By George Bass | 20 April 2010
Now here’s a good starter for anyone wishing to shake hands with Americana, even those who’ve shook its hand before and had their palms dirtied, had their rings stolen, and caught warts. Kingsley Flood are fresh out of Boston but speak with all the grizzled savvy of Martin Sheen in The Departed, still smarting from the fall he took from that office block but saved by landing balls-first on a horse. Frontman Naseem Khuri has fallen from a few office blocks of his own—his unlikely folk beginnings started with a post-grad career as an international diplomat, sabotaged by Khuri himself in A Moment Of Clarity so he could scale down to a quiet office job. Unfortunately there isn’t one, and after unraveling on coffee and appraisals and deciding on a whole new U-turn—lower-case this time, one with a hooked serif to ski-jump you out of the car park—Khuri walked away into a haze of denim and banjos, forming the Flood shortly after. He’s assembled his crew here carefully (Nick Balkin, for one, the rising bass guitarist who put the glimmer into Logan 5 and the Runners) and has stuck down eleven songs about characters musing on missed opportunities: some too old, some too eager, and some just too denim and banjos. The thing that binds them all is their dough-eyed but rough-hewn unpretentiousness; this is Irish rebel music but without all the instructions on how to make Molotovs and paratrooper accusations.
Dust Windows‘ main selling point is its balance: for every pensive croak and high tempo Stetson are downtrodden heels in equal measure. Khuri and his team have a knack for mixing curiosity with dashed trad in a way that belies their experience; you’ve only got to compare “Good Enough”‘s loner stream-of-consciousness (and lyrics appropriated from an old Dodgy hit) to the mandolin stings of “Cul de Sac,” where Khuri’s chant of “I’ve got my thumb on the pulse of the nation” jostles with scrambling jazz drums. This cowboy adaptability carries Kingsley Flood across entire strips of the country, fading into prairie pink sunsets one minute (“Cathedral Walls”) and riding shotgun with fiddles the next (“Back in the Back”). When the mood requires him, guitarist Michael Spaly counters with a whole utility belt of guitars: madcap banjo on “Devil’s Arms” or the smooth electric waves of “Eventually.”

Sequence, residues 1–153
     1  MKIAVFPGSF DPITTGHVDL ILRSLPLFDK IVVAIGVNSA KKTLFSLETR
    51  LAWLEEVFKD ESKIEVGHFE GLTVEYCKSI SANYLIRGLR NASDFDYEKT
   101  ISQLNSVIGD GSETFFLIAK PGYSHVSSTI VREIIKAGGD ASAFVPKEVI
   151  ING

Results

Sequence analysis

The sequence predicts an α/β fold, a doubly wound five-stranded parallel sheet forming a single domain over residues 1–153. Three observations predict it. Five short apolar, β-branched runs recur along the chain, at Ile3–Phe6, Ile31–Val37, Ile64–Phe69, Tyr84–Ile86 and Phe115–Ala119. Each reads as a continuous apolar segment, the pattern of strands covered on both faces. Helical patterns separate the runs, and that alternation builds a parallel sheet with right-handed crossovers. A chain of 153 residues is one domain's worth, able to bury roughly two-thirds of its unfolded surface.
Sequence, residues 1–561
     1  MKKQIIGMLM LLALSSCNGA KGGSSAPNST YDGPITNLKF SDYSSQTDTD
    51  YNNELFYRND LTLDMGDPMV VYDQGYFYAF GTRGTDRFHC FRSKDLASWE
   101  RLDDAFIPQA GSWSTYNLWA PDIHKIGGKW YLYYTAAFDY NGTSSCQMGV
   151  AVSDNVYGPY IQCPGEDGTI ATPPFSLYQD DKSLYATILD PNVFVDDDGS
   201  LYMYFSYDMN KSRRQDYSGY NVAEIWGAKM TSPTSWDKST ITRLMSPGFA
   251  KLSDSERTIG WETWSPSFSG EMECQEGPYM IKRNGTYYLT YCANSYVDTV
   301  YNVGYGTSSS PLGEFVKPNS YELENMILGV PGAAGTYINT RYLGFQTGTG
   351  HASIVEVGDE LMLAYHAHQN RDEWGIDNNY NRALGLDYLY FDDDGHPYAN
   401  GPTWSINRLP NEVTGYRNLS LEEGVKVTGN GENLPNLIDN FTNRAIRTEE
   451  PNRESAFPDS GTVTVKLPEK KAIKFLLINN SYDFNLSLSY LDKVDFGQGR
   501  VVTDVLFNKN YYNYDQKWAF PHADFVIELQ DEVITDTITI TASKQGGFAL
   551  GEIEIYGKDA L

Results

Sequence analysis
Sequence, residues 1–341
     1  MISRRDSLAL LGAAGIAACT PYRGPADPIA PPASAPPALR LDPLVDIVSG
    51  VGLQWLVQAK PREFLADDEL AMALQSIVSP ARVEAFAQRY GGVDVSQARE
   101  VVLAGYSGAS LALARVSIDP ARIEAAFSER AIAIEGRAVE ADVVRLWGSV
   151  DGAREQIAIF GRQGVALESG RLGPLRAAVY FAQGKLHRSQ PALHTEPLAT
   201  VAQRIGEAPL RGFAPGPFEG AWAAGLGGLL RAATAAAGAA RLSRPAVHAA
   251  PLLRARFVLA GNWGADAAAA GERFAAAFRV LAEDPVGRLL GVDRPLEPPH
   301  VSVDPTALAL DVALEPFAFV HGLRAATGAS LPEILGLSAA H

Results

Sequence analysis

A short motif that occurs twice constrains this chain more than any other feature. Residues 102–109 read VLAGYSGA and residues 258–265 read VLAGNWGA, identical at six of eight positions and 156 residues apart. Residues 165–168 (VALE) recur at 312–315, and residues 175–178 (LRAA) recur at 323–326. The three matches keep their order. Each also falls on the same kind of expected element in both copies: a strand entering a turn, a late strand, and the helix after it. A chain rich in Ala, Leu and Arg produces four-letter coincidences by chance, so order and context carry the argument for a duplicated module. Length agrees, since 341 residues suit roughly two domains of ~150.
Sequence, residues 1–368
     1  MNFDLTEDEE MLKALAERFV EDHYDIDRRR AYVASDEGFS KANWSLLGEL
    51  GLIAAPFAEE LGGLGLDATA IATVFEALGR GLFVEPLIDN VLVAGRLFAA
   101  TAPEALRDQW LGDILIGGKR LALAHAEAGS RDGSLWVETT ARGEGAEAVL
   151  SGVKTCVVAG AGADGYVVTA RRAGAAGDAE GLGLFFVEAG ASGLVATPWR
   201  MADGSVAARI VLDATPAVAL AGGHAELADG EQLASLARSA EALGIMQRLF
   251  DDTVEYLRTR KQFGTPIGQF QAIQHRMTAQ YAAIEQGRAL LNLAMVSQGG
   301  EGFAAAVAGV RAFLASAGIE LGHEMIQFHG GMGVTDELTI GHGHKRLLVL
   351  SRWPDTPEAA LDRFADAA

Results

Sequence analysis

Lyrically, either Khuri saw some shit during his false start as a diplomat or he’s been a barfly in all the right places. His stories range from dark to light to blinding, all spilled in the shadow of cacti. Khuri’s humour, on the other hand, is as frisky as you might expect from someone attempting the seasoned country look, but sufficiently tongue-in-cheek: ““Well I was born in record time / Potty-trained when I got home / I grew a moustache by age nine / And by sixteen, on the road,” he raps on “Stoop Cats,” reacting to SATs and competitive childhoods in a way angry parents just aren’t allowed to. The car-love payoff of closing track “Just a Midnight Ride” is light-hearted in a life-affirming kind of way too, our cuckolded narrator thanking his stars that the battleaxe left him the Mustang. “These days my bed is so big but I like it that way / I like it that way,” he taps, sinking into the shaggy shoes of singledom with a hillbilly lilt to his voice.
On the whole, Dust Windows feels more like a celebration than it does a sympathetic shoulder, full of enough Bay State sun to ship out those blues regardless. Some of those Whacky Races drum beats could bring down a country wedding or two, and if you’ve got a prejudice of fiddles and bluegrass you’ll need to inch into this one like a bath. When you’re in, though, there’s rubber ducks a-plenty, and Balkin and Khuri’s band of brothers (plus sister Jenée on strings) make for an eclectic small town posse. They’re flighty, they’re shy, they strut and they serenade. And they also play a Belle & Sebastian trumpet line.